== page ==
Stock photo representative of lovers in the 1920s

Is anything so tantalizing as the discovery of lost manuscripts by a well-known and beloved author?

In I’d Die for You and Other Lost Stories (Scribner, 2017), Anne Margaret Daniel gives the reader the opportunity to discover unpublished—or in the case of two stories, only recently published—short stories by F. Scott Fitzgerald. The collection contains fifteen stories and three synopses for screenplays. Most of the stories were submitted to and rejected by the major magazines of the 1920s and 30s: The Saturday Evening Post, Harper’s Bazaar, Esquire, and Collier’s. Sometimes the stories were rejected because the material was darker than the usual Fitzgerald fare; sometimes the rejection was due to the quality of the story itself.

Many of the stories leave little doubt why they were rejected.  Plots are implausible, even peculiar, and too often center around a love story that is underdeveloped and, therefore, too hard to believe. Fitzgerald acknowledged this fact in 1939: “I was tagged with [writing about young love] by my first writings up to 1925. Since then I have written stories about young love. They have been done with increasing difficulty and increasing insincerity.”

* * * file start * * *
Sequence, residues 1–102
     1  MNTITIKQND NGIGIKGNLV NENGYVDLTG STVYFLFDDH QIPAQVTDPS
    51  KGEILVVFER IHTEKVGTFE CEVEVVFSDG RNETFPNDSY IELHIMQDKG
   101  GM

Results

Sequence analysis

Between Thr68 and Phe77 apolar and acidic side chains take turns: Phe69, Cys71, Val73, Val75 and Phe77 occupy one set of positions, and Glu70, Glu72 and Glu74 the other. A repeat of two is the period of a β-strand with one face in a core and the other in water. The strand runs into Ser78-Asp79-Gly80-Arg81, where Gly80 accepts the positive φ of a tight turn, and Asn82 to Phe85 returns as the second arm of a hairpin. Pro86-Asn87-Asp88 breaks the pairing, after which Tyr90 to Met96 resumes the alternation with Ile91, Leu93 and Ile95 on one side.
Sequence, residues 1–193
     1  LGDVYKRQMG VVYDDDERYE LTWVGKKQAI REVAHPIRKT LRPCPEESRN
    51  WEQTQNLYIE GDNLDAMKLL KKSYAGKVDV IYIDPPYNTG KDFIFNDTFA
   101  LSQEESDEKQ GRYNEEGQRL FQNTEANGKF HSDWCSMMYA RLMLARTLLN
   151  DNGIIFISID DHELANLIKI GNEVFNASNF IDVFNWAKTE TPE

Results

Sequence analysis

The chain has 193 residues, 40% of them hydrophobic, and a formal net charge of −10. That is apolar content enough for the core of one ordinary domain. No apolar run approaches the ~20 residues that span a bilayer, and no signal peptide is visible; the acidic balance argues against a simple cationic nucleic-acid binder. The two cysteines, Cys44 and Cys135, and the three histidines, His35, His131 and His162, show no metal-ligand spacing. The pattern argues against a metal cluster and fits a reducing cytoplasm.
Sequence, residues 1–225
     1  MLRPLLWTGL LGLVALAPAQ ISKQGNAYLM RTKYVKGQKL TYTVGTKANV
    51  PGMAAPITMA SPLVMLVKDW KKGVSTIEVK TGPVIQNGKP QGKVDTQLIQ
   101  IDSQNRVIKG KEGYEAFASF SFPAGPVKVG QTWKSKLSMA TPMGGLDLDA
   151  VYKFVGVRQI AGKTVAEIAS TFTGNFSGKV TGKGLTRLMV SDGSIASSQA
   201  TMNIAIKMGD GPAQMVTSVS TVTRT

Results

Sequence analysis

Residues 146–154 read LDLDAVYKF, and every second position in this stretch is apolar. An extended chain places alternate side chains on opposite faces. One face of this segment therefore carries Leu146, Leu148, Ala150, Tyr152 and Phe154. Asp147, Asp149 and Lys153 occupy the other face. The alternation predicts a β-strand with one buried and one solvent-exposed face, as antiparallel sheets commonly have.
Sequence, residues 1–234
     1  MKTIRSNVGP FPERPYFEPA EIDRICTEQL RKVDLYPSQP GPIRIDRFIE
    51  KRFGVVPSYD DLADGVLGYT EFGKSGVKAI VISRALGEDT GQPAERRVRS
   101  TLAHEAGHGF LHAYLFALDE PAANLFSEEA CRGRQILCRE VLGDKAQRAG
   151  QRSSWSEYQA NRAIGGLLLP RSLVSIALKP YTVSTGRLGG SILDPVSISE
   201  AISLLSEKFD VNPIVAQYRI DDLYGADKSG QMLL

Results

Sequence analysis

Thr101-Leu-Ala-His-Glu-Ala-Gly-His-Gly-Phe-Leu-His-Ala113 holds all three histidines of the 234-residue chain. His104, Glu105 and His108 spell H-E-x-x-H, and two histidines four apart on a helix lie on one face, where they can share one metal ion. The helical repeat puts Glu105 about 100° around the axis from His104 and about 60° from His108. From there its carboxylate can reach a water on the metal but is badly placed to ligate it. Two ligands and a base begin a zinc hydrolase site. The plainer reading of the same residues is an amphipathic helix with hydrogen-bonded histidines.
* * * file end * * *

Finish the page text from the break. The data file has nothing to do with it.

The collection does contain a few bright spots, and perhaps not surprisingly the stories were written earlier in Fitzgerald’s career.  “The I.O.U.” provides amusing twists and turns in a fast-paced narrative. The brief vignette “Thank You for the Light,” which was originally rejected by The New Yorker in the 1920s but published by the magazine in 2012, is a delightful, slightly irreverent tale.  The title story, “I’d Die for You,” though not without flaws, is an entertaining story of intrigue and love gone awry. Perhaps just as interesting as the stories in the collection are Ms. Daniel’s headnotes to each story, as they place the story into the context of Fitzgerald’s life events as well as his sometimes desperate attempts to publish stories and earn income. The head notes alone make I’d Die for You and Other Lost Stories worth the read.

For pricing, formats, and more information about I’d Die for You and Other Lost Stories, F. Scott Fitzgerald, and Anne Margaret Daniel, visit Simon & Schuster.